In short, we should do very little. The question of secession or annexation is rarely one that can be answered objectively and consistently. Russia has vociferously opposed the separation of Chechnya, while fostering that of Ossetia and Abkhazia. The US opposes its moves in Crimea, but got the whole of NATO to support an even flimsier operation in Kosovo in 1999. I’ve always had a view that when separationist movements get too hot, it’s probably best for everyone to let them go, whether we’re talking Ireland, the West Bank, or most other places.
Smart people are saying smart things, while the usual noisy proponents of New World Order see everything as another repeat of the German Anschluss. Andrew Bacevich exposes this stupid, cliched, and historically uneven thinking in his column.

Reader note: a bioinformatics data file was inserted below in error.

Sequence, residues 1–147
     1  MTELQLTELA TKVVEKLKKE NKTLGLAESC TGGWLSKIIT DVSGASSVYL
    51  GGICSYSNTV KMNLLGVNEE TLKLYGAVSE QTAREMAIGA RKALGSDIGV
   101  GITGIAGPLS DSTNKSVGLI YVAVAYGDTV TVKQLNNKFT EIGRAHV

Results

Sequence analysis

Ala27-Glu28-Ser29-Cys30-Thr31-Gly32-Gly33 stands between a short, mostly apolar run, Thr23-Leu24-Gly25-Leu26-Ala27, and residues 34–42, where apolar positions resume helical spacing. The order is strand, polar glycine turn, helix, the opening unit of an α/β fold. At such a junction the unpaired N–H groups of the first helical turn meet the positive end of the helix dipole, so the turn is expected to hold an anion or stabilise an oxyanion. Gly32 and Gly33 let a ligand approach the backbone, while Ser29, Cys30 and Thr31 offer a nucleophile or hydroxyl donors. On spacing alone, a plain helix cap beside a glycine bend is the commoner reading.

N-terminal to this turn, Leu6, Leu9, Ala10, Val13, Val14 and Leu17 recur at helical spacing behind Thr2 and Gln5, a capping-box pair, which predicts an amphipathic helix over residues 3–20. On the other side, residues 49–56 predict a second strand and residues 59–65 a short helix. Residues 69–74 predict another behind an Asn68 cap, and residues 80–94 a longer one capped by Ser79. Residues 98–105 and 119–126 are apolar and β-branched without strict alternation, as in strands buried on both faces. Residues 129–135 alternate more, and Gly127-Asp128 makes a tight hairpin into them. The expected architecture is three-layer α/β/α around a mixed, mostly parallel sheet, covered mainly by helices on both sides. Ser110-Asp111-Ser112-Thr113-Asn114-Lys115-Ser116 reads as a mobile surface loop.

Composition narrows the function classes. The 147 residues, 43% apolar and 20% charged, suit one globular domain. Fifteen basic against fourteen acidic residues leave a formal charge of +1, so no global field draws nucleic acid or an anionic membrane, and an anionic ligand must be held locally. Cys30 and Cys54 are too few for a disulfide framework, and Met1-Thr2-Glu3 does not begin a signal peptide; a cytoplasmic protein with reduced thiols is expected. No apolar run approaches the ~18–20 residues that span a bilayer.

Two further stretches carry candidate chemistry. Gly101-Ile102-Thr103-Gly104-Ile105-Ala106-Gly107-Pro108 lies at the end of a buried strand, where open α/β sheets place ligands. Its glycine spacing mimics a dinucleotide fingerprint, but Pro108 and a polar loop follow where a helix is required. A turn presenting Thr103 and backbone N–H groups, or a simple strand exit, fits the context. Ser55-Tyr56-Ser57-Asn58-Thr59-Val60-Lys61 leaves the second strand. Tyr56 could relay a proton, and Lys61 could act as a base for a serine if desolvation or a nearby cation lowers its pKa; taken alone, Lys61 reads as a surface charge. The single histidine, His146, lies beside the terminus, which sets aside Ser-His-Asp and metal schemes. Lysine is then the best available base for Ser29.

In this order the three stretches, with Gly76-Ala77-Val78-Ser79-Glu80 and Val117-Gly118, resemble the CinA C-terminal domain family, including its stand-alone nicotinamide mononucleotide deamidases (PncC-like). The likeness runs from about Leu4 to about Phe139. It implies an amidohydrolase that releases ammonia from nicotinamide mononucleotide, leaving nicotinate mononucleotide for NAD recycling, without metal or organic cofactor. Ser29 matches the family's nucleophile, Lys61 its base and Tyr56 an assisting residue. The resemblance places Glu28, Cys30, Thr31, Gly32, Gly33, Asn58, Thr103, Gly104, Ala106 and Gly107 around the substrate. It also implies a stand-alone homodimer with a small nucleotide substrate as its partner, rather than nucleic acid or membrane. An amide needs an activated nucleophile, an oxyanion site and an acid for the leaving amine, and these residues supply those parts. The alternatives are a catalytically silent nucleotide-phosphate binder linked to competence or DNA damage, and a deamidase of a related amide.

Henry Kissinger says sensible things, as usual, noting that expanding NATO to Russia’s doorstep would be particularly unwise.
Finally, Jeffrey Tayler, in Foreign Policy, shows us that Putin is acting, if harshly, at least rationally and predictably. And, as such, there are rational ways we can respond (or not) based on our own permanent interests, which should not I think include deep concern for Russia’s re-acquisition of a territory it had until the 1950s and whose people seemingly support Russia’s intervention.
On a more pro interventionist note, my friend Marek Chodakiewicz gave a long and detailed discussion of all things Ukrainian recently at the Institute for World Politics. I haven’t had the opportunity to review it in depth, but I’m confident from private discussions it will be one of the more sensible counterpoints to my own views, expressed roughly by Bacevich & co.